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Freeman: Thousands Looking At Evidence In Jamar Clark Case

MINNEAPOLIS (WCCO) -- It's been nearly a week since it was decided that charges won't be filed against police in the Jamar Clark shooting.

Despite questions raised by community members, the man who made that decision stands firm, and it appears people are taking up his offer to review the evidence for themselves.

With pending investigations from the U.S. Attorney's Office and Minneapolis Police Department, Hennepin County Attorney Mike Freeman said it's too early for a new probe into the officer-involved shooting.

"This is America, people can say whatever they want," Freeman said on the WCCO Morning News with Dave Lee, one day after the NAACP called for a new investigation into Clark's death. "I would encourage folks to review the entire record like I did."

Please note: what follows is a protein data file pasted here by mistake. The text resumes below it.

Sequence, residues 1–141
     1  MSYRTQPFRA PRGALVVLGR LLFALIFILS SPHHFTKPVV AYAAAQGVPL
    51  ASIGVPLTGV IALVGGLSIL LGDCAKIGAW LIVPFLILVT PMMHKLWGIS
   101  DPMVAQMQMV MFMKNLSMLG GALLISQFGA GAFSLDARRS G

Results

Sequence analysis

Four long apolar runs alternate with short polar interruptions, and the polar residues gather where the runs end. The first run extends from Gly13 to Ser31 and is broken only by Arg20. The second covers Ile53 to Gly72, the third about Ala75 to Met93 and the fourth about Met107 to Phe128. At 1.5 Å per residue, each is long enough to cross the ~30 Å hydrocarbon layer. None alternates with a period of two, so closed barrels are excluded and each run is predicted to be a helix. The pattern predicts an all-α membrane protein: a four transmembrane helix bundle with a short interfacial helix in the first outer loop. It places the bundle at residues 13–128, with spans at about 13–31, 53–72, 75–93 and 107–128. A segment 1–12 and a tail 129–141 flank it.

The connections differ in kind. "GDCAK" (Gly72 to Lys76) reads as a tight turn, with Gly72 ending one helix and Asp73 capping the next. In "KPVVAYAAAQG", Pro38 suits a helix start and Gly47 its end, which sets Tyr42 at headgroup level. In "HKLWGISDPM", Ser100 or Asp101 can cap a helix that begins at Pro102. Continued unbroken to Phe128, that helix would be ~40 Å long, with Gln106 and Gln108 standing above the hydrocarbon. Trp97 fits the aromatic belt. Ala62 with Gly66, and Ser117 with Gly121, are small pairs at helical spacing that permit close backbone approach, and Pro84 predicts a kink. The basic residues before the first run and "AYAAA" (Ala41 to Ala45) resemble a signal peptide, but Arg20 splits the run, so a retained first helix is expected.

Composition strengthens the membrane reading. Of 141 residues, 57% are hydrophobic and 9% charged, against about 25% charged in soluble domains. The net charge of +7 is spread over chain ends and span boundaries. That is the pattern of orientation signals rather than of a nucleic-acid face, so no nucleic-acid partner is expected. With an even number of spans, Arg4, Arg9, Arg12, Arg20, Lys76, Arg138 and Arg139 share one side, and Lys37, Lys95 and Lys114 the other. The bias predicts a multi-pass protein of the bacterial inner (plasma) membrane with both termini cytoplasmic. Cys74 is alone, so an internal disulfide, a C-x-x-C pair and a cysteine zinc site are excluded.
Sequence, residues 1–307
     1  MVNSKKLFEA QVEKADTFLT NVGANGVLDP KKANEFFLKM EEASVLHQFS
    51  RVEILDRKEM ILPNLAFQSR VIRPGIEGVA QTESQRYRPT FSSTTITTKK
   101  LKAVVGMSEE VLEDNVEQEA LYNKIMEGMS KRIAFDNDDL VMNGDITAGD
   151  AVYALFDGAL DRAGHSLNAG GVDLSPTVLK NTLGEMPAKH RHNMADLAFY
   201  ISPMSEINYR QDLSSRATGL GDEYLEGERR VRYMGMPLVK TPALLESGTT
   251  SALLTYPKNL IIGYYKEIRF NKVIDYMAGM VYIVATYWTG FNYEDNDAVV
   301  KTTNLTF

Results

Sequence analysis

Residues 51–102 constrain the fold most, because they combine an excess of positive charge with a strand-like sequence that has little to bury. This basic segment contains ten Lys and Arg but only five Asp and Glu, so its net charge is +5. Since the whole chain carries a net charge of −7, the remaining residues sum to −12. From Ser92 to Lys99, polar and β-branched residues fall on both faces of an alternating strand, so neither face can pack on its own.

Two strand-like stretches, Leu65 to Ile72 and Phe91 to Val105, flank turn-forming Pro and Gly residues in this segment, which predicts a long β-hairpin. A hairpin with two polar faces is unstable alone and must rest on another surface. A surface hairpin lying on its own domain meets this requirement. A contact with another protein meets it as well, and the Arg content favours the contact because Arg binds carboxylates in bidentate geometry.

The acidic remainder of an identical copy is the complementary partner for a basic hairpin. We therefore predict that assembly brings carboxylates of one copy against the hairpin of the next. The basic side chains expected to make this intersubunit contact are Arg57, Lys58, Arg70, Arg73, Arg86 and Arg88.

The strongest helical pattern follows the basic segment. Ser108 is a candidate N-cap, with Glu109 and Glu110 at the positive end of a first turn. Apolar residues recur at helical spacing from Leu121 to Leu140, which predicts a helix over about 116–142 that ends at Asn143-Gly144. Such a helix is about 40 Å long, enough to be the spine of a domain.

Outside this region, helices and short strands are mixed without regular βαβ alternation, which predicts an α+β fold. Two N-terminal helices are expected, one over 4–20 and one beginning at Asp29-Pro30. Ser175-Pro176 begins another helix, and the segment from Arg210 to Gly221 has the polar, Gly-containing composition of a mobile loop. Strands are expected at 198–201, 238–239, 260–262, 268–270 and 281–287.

People seem to be logging on to the county attorney's website to take a look at that information. A lot.

"We normally have, like, 400 or 500 hits a day. We've had 68,000 hits since last Wednesday. 68,000. Unprecedented."

Wednesday was the day Freeman revealed his decision not to charge the officers in Clark's shooting. That same day, his files on the investigation were posted on the website.

"There are 132 BCA reports, there are 1,300 pages of documents, there's an autopsy, there's forensic evidence from the labs, there's more video," said Freeman. "I have to say we have released an unprecedented amount of material, so people can decide on their own."

Freeman said no new witnesses have come forward, and that said RayAnn Hayes' further insistence that she was not romantically involved with Clark doesn't change his conclusion

"All sorts of extraneous things, whether RayAnn Hayes was his girlfriend or not really isn't relevant, it isn't critical," said Freeman. "There's always rumors of new witnesses, this or that. The forensic evidence, the lack of DNA on the handcuffs and the fact that DNA is all over the (officer's) gun, those are the definitive questions here. I think when they look at it all, everyone will agree that at this moment in time when the officers shot Jamar Clark, they were fearful for their lives and the lives of other people. And that's primarily because Clark had his hands all over the gun."

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